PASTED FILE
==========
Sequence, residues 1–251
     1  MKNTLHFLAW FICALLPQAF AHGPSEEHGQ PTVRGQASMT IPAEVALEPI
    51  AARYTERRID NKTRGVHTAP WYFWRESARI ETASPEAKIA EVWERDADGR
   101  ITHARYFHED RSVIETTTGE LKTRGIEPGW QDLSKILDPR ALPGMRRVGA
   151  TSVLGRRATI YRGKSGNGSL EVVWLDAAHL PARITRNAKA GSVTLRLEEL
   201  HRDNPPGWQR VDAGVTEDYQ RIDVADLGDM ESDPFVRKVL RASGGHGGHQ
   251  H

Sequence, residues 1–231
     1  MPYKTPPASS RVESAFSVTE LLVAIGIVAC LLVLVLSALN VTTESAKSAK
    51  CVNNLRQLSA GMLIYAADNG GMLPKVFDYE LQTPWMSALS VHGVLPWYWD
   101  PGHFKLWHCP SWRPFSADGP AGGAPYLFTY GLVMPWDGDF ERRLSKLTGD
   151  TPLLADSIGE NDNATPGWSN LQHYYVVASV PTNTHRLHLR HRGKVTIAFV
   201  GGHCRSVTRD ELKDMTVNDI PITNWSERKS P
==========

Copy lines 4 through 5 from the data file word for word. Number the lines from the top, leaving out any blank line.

   101  ITHARYFHED RSVIETTTGE LKTRGIEPGW QDLSKILDPR ALPGMRRVGA
   151  TSVLGRRATI YRGKSGNGSL EVVWLDAAHL PARITRNAKA GSVTLRLEEL